18 Vintage Photos of People Celebrating Independence Day

Library of Congress
Library of Congress

You'll spend today grilling, drinking, and watching fireworks. Here's how people celebrated in years gone by.

1. 1918: American soldiers driving through streets during 4th of July celebrations.


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2. 1932: Elizabeth Young (right), a Paramount player of the 30s, is celebrating Independence Day by waving sparklers and linking arms with Lyda Roberti, the German-Polish leading lady who was a former child cafe singer.


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3. 1940: A group of children playing with sparklers after Fourth of July celebrations.


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4. 1955: A young boy on a miniature float commemorates the American Declaration of Independence, at the baby parade in Lititz Springs Park, Pennsylvania. The children are judged on their appeal and costume as part of the Independence Day celebrations on the 4th of July.


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5. 1955: A child dressed as George Washington is pulled past on a miniature float, one of the contestants in the Lititz Springs Park, Pennsylvania baby parade.


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6. 1939: A Fourth of July picnic on St. Helena Island, South Carolina.


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7. 1923: Fourth of July parade at Takoma Park. 


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8. 1893: A Fourth of July salute.


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9. 1908: Baseball at Sauk Centre, Minnesota, within a race track.


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10. 1906: A little boy holding three large firecrackers and an American flag.


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11. 1906: Parade float.


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12. 1919: Two women (possibly in the Washington, DC area) dressed as Liberty and Columbia as part of the year's Fourth of July celebration.


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13. 1919: Scenes of celebration at Walter Reed.


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14. 1941: Bicycle riders in parade on the Fourth of July at Vale, Oregon.


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15. Between 1900 and 1916: Tug of war contest on street in Skagway, Alaska, on the 4th of July.


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16. 1941: Fourth of July roadside stand near Milwaukee, Wisconsin.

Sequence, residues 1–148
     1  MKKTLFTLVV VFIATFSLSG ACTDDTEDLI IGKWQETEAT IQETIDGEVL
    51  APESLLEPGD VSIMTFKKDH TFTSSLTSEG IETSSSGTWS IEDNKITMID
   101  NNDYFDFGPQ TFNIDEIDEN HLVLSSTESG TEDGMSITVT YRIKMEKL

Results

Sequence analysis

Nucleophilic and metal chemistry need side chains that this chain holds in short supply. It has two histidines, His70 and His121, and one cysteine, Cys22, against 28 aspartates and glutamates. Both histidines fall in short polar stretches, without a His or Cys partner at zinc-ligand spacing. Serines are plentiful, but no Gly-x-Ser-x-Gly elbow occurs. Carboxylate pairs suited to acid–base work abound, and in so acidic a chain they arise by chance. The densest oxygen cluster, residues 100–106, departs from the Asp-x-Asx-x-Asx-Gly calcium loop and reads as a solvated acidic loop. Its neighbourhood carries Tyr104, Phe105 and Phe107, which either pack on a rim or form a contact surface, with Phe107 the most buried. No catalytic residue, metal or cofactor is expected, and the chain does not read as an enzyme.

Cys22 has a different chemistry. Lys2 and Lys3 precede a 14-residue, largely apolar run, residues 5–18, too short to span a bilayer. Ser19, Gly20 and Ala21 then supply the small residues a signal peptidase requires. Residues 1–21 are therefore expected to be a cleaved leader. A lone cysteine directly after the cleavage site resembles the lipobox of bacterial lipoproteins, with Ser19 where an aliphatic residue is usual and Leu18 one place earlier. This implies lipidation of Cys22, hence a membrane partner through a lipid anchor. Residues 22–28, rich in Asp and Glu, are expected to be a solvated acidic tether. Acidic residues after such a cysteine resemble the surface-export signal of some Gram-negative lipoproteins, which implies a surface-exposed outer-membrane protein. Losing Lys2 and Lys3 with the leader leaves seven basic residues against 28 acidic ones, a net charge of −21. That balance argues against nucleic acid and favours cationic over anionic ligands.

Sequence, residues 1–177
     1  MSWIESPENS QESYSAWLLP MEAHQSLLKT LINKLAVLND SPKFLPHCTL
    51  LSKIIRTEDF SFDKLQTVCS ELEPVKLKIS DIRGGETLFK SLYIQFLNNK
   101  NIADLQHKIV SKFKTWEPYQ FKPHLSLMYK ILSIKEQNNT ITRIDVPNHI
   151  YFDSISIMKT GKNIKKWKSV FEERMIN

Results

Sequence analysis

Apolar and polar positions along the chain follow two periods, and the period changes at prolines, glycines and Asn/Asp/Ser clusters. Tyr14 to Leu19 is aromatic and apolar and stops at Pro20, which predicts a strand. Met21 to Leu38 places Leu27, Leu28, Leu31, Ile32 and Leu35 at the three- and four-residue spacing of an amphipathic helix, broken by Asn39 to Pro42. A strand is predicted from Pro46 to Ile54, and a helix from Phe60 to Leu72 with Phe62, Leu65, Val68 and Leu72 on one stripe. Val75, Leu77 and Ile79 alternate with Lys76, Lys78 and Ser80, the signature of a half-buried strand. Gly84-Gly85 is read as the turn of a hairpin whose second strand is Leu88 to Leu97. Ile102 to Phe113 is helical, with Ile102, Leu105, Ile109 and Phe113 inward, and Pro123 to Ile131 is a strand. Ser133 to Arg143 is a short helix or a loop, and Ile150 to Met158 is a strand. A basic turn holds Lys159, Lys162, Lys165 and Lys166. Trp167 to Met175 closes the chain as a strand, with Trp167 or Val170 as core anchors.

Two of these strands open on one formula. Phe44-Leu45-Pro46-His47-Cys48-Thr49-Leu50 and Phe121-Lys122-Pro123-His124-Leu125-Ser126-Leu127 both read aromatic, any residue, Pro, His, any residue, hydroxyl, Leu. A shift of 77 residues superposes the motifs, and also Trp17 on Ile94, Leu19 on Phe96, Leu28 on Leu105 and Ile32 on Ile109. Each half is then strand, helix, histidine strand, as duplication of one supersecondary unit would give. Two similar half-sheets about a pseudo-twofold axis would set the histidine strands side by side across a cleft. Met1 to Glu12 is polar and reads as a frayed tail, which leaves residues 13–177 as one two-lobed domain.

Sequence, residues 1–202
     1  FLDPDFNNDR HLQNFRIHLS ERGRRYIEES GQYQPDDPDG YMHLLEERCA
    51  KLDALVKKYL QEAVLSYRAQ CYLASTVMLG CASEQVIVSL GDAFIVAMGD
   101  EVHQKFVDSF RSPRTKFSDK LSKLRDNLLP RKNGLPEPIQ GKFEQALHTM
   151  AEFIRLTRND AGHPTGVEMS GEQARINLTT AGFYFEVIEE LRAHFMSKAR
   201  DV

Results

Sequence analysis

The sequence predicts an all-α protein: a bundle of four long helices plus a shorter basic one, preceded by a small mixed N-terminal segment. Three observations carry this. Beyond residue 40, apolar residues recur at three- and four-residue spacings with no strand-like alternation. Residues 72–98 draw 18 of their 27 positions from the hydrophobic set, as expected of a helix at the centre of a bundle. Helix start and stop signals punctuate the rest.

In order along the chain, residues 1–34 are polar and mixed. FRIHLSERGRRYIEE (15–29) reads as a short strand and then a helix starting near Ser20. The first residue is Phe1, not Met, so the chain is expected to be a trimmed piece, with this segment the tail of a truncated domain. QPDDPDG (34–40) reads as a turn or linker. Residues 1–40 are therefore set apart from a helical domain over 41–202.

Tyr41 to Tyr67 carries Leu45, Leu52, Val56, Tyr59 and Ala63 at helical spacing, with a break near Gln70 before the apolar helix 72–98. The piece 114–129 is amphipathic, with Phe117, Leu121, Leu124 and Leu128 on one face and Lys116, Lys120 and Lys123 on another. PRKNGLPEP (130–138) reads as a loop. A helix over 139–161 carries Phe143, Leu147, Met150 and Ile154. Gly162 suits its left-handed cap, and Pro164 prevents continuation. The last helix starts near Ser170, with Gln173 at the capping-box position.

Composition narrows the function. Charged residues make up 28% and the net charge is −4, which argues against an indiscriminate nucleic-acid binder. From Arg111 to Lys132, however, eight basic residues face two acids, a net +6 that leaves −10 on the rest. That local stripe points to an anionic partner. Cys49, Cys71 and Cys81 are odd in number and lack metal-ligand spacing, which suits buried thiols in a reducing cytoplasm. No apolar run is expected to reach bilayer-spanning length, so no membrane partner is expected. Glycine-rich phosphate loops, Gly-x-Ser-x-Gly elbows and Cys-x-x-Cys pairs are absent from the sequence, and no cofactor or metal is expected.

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17. 1895: Boys stand on a model ship on horse-drawn float in Victor, Colorado's Fourth of July parade.


Denver Public Library

18. 1916: Child dressed as Liberty.


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Can You Spot the Christmas Stocking in This Hidden Image Puzzle?

It's time for another hidden image puzzle! This time, Lenstore.co.uk's Can You Spot It? puzzle features a smattering of Yule-themed objects like Santa hats, gingerbread men, snowmen, presents, and Christmas trees. Can you find the lone Christmas stocking hidden among them?

According to Lenstore.co.uk, it takes most people around 45 seconds to find objects in most of their hidden-image puzzles, and women tend to be faster at finding them than men. (Try out some of the previous puzzles here, here, and here.)

Before you peek at the answer, read up on the history of the Christmas stocking here. Like many Christmas traditions, its origins are pretty unclear, but one thing is for sure: We should all be grateful that we've long since moved on from stringing up the regular socks we wear every day.

Scroll down to see the answer, then try your hand at one of our close-up image quizzes.

What is Wassailing, Anyway?

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iStock

It’s easy to think that wassailing is some cozy wintertime tradition that’s fun for the whole family. After all, there’s a jaunty, wholesome Christmas carol about it! But the truth is, if you ever see a minor out wassailing, you may want to call his or her parents.

The word wassail has many meanings. For centuries, it was a way to toast someone’s good health. Before the Battle of Hastings in 1066, English soldiers reportedly sang: